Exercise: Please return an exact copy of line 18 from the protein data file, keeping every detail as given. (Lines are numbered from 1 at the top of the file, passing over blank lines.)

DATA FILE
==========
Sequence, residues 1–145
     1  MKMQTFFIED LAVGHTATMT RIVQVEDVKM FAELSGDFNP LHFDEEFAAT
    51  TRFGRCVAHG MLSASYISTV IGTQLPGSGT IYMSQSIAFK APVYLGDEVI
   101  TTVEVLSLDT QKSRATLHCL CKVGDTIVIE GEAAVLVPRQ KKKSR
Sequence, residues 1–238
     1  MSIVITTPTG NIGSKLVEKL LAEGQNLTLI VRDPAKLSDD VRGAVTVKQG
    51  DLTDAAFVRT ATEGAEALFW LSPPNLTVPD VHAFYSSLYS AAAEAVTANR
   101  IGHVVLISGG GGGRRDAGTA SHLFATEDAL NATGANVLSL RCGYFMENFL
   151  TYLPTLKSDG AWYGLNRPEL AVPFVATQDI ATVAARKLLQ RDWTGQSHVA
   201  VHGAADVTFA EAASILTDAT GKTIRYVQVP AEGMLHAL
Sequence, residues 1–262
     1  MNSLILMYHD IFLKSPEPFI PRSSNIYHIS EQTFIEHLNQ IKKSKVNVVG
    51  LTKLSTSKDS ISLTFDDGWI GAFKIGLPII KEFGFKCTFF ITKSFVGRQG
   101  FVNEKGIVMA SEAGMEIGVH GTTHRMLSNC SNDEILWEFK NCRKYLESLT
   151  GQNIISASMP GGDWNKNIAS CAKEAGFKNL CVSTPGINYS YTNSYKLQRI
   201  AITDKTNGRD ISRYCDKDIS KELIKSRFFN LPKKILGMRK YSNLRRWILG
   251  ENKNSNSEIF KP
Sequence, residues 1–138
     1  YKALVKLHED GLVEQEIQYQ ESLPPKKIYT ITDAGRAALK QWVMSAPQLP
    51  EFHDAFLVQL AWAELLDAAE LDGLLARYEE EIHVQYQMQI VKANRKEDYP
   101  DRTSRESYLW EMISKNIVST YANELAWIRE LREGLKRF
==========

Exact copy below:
Sequence, residues 1–138